Since 1970, the number of Americans in prison has jumped eight fold. Yet according to a recent report by the JFA Institute, a Washington criminal justice research group, rigorous prosecution and tough sentencing guidelines have not curbed crime. The report said:
Proponents of prison expansion have heralded this growth as a smashing success. But a large number of studies contradict that claim. Most scientific evidence suggests that there is little if any relationship between fluctuations in crime rates and incarceration rates. In many cases, crime rates have risen or declined independent of imprisonment rates. New York City, for example, has produced one of the nation’s largest declines in crime in the nation while significantly reducing its jail and prison populations. Connecticut, New Jersey, Ohio, and Massachusetts have also reduced their prison populations during the same time that crime rates were declining.
The report went on to call for a major reform of the US criminal justice system, recommending the implementation of new policies to reduce the prison population, which would include shorter sentences and the decriminalization of certain recreational drugs. These measures, the report said, would “save $20 billion a year and ease social inequality without endangering the public.” But according to Reuters, a US Justice Department spokesperson disputed the findings by the report’s authors, and asserted that zealous anti-crime tactics were responsible for a 25 percent drop in violent crime in the 1990s. (See Reuters for more.)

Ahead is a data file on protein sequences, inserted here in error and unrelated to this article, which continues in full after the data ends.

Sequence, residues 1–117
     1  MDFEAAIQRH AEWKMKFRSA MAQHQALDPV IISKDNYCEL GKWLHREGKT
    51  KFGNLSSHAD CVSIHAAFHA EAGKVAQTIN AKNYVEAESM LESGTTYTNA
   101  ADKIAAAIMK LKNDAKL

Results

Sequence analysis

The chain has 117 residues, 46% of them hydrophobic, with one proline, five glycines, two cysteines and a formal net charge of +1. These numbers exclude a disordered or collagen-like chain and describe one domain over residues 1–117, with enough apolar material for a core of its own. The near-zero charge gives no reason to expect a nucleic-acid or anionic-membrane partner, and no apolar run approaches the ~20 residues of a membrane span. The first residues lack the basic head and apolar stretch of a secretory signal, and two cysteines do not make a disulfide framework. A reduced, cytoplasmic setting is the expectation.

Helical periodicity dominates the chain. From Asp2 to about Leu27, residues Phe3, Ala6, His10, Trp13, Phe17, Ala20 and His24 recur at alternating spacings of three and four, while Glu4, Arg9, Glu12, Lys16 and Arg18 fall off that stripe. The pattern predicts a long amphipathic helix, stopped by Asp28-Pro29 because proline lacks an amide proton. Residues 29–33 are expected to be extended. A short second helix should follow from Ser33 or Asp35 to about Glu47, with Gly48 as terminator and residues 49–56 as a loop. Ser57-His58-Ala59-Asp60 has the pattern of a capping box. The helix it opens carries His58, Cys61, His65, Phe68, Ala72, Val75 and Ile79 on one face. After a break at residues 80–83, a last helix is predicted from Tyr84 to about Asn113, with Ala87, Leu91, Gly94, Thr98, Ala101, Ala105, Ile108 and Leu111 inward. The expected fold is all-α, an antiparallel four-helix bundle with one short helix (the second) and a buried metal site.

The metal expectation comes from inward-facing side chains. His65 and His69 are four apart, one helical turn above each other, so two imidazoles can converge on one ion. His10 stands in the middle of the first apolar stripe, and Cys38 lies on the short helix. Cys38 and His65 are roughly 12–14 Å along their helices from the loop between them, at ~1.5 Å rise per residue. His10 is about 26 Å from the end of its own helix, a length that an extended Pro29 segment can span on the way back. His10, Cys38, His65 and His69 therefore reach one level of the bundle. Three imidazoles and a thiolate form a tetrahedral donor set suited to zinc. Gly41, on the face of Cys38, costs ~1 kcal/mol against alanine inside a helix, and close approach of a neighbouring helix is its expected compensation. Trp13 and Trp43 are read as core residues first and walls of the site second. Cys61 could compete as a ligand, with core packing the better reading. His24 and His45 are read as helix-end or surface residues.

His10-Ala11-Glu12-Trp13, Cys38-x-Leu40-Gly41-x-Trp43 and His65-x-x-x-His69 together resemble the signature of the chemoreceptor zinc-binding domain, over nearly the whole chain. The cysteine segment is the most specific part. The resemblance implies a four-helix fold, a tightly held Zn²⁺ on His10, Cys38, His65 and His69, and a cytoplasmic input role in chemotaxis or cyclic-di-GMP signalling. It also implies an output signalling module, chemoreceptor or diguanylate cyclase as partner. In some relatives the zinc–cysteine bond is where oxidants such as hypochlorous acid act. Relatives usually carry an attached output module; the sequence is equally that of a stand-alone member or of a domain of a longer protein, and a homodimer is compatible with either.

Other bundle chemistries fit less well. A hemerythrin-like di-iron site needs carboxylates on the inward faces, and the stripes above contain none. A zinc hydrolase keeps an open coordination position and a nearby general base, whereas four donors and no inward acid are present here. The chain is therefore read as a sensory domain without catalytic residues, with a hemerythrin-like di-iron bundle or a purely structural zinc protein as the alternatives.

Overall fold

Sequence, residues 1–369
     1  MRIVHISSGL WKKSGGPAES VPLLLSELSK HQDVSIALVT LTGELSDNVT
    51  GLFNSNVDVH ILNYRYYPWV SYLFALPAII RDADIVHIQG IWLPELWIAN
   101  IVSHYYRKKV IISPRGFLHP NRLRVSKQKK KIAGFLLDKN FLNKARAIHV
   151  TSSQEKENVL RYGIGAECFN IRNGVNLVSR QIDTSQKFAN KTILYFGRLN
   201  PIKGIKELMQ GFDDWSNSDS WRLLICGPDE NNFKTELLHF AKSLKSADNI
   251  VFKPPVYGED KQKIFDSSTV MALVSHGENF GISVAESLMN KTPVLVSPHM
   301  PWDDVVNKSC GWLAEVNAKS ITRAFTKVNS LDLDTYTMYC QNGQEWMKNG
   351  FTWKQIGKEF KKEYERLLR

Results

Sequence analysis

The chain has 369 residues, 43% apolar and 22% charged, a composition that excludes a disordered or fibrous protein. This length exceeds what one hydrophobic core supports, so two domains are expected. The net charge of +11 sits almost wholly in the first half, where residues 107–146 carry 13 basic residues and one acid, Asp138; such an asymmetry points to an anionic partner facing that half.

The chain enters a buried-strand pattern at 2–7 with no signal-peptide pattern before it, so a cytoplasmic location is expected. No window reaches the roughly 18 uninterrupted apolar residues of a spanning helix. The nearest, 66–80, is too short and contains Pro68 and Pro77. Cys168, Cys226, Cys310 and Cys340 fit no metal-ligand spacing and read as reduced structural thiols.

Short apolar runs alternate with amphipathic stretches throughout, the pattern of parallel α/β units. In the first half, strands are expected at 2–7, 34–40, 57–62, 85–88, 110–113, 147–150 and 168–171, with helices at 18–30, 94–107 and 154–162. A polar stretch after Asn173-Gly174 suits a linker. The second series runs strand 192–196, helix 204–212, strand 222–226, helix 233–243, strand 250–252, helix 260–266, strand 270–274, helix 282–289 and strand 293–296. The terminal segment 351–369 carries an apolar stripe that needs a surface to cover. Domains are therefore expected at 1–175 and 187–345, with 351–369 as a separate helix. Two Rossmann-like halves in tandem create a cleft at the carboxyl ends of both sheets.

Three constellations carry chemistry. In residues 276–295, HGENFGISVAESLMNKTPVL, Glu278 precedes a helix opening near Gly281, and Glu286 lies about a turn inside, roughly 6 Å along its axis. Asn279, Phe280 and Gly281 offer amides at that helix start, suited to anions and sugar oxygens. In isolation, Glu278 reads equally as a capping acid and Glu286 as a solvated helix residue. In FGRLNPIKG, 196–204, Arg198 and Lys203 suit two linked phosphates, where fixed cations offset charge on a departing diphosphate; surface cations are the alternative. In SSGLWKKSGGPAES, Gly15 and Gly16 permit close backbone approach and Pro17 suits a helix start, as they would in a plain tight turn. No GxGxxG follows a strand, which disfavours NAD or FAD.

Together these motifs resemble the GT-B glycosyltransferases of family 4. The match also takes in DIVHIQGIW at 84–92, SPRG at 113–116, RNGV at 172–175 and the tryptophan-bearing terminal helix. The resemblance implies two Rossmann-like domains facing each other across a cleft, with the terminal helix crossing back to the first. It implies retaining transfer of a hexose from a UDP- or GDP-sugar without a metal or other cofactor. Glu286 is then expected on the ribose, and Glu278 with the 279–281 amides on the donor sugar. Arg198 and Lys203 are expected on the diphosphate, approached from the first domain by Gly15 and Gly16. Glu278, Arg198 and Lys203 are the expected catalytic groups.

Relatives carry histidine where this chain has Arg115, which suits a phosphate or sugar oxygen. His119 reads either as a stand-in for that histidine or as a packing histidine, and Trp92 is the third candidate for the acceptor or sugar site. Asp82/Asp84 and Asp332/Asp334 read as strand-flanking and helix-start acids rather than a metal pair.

The U.S. Prison Population Is At Record Levels
2.38 million shut away. Never before have there been this many Americans in prison. The U.S. prison population is at an all-time high, and in fact, it saw its largest year to year increase by mid-2006. Another way to view the numbers of incarcerated citizens is to say, one out of every 133 US residents is behind bars.
State facilities and federal prisons in California and Texas account for two-thirds of all inmates. Since 2000, prison admissions have increased 17.2%. Admission rates have increased faster than release rates. One significant factor that is causing the increase is the high number of former inmates or convicted people being violated while on parole and being returned to prison. In 2005, 232,000 parole violators were sent back to prison, a 14% increase over 2000. Many parolees who are returned are violated for very menial reasons.